THE WANDERING TATTLER is a rare wading bird that breeds along glacial streams on the eastern flank of the Alaska Range in the interior of Alaska. Outside the breeding season, these birds inhabit the rocky headlands and islets along the Pacific coast of North and South America. During the breeding season they have been found nesting regularly in Mount McKinley National Park where they inhabit the open gravel bars near the heads of mountain streams.
The tattler is a medium-sized bird about 11 inches long. Its black slender bill is about as long as the bird's head. The adult is plain slate gray above, with heavy gray broken bars on the throat and under parts.
These birds are quiet and secretive during the first part of the breeding season and as long as the eggs are in the nest. This is particularly true when they leave or approach the nest, which is well hidden among the rocks. As soon as the young are hatched, however, the parent birds become exceedingly bold and noisy. They then perch on the top of a willow or other vantage point where they keep a close lookout for danger. Upon the approach of intruders they utter their strident warning calls, fly out to meet them and, if possible, divert their attention from the chicks. After they have succeeded in decoying the intruders away they again become quiet and silently sneak back to their offspring. The male (see illustration) shares family duties with the female.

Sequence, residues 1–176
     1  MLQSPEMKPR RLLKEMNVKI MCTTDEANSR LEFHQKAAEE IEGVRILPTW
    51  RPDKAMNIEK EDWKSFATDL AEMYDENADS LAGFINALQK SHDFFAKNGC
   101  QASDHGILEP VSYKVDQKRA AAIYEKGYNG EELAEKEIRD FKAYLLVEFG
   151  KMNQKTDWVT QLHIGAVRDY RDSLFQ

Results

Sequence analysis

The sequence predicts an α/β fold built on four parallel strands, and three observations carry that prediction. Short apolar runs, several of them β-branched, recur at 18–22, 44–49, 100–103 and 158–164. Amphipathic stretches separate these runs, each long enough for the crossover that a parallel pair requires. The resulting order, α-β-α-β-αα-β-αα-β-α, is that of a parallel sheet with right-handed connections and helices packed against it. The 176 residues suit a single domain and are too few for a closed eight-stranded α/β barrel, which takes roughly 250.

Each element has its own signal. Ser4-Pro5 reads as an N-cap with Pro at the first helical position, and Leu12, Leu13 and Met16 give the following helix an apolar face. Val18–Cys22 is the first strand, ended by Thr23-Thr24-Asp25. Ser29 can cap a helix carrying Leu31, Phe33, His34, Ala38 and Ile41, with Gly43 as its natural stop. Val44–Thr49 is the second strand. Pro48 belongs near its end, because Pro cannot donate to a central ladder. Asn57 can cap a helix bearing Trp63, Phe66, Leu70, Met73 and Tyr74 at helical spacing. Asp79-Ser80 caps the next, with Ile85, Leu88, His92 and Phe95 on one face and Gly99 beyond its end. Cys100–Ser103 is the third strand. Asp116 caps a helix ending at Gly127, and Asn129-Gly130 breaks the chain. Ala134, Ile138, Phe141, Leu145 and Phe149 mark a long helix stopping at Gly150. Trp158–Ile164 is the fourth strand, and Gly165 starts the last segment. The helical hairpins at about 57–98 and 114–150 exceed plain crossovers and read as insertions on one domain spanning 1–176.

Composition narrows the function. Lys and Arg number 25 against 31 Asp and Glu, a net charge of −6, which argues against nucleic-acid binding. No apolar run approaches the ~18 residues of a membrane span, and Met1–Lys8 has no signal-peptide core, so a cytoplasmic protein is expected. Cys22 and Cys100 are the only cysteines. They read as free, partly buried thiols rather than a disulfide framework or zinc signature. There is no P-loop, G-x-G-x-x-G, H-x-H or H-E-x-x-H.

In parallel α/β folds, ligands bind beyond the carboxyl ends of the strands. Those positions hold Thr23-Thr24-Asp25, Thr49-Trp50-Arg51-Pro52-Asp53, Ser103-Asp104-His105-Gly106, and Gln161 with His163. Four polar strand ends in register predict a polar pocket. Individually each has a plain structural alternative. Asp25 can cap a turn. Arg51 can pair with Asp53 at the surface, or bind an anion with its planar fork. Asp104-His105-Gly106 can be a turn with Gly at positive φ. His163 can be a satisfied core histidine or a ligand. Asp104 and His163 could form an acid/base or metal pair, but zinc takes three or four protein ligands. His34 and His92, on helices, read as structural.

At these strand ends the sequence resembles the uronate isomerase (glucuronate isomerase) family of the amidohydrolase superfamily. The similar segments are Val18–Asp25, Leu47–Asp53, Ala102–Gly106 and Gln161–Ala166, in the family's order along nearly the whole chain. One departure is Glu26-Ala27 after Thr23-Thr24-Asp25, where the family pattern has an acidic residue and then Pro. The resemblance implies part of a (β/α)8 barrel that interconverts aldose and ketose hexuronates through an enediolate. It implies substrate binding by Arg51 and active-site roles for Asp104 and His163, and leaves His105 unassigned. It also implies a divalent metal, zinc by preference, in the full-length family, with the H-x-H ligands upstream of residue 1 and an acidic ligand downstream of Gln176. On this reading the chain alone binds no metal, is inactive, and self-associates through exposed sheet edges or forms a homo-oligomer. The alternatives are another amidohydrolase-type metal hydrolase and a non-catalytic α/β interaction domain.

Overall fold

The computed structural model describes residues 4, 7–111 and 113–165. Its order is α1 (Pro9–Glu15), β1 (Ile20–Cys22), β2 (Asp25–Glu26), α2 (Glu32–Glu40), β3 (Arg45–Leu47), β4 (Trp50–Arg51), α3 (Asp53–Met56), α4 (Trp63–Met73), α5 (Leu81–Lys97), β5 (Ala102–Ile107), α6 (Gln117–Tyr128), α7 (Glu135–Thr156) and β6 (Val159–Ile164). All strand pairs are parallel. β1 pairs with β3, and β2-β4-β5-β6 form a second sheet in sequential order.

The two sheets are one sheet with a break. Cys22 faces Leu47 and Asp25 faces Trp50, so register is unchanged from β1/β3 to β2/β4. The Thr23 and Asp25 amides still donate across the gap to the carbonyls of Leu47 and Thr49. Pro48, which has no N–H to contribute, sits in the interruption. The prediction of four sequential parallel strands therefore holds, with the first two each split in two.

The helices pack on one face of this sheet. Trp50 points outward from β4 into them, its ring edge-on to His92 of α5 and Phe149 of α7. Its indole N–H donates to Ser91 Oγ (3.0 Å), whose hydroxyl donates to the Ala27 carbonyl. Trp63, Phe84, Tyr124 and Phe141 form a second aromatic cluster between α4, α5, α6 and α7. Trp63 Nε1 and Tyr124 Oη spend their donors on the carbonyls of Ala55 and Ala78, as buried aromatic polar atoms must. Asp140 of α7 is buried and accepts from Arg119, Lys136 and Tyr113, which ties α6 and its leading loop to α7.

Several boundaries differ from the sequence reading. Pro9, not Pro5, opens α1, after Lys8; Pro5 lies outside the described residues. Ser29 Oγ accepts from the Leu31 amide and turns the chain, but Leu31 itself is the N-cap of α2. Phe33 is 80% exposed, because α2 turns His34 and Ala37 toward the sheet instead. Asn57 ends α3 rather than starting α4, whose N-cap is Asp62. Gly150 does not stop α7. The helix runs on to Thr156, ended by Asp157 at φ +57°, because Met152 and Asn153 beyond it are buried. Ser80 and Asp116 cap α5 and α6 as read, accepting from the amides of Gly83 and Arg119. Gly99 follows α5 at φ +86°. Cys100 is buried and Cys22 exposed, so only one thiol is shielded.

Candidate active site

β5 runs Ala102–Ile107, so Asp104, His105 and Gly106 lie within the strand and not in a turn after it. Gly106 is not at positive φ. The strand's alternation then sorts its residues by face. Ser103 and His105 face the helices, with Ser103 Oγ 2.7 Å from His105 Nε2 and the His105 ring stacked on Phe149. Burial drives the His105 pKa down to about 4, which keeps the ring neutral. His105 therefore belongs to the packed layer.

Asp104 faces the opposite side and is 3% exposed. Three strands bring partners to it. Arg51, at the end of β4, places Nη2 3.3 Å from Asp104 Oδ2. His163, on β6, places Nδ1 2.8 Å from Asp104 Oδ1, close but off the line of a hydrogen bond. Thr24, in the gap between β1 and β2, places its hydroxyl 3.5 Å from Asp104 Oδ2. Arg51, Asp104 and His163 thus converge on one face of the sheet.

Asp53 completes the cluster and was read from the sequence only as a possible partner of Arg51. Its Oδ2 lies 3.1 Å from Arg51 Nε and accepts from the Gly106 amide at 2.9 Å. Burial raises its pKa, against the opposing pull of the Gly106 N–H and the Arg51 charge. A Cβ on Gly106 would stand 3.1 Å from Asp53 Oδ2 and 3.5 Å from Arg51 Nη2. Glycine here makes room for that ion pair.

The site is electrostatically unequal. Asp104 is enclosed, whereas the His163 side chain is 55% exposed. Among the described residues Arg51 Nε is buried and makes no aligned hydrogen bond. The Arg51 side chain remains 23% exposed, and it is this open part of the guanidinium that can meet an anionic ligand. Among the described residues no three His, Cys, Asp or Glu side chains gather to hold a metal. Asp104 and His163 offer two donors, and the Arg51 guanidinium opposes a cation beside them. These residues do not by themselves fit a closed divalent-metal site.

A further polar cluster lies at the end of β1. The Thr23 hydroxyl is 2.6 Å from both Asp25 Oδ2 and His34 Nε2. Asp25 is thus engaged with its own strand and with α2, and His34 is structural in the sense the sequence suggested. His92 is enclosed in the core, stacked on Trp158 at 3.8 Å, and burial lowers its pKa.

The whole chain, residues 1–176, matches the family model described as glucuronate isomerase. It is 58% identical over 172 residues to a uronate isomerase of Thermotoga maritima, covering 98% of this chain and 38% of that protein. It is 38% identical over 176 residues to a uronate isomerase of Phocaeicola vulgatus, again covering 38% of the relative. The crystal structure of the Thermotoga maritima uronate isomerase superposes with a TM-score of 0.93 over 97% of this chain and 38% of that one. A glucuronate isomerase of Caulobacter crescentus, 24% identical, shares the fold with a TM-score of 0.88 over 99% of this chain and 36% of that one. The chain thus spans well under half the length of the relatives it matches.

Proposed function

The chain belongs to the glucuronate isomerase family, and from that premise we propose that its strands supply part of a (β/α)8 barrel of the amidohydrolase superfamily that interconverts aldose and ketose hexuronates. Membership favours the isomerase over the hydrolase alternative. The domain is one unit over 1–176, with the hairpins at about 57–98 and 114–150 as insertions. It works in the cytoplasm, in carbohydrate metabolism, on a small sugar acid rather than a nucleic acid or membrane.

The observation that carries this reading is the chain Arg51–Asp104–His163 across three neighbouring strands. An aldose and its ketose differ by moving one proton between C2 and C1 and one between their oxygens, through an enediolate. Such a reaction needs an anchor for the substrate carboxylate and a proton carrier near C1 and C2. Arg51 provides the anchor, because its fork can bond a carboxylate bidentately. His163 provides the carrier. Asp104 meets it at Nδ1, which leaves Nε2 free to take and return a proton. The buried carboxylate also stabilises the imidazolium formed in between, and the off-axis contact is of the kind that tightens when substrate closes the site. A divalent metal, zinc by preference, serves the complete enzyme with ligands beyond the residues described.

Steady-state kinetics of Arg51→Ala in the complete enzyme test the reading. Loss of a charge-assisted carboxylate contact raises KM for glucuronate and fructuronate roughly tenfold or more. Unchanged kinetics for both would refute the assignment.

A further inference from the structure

A few hours after the chicks are hatched their gray downy coats become dry and these hardy youngsters leave the nest and begin to seek their own food which consists of tiny insects.
The young tattlers, as a rule, instantly heed their parents' warning cry and crouch flatly on the gravel, where their gray backs blend perfectly with the rocks. They remain motionless as long as the danger signal is given. When the chicks become older they run about more independently, and instead of hiding by squatting out in the open, amid the bare rocks, they hide in the grass and flowering plants lining the banks of streams. If closely pursued, these older chicks will swim boldly across a stream with a fairly swift current to escape from their pursuers. Fortunately the nesting grounds of this and other rare species lie within a national park, where they are protected by the National Park Service.
Last Updated: 01-Jul-2010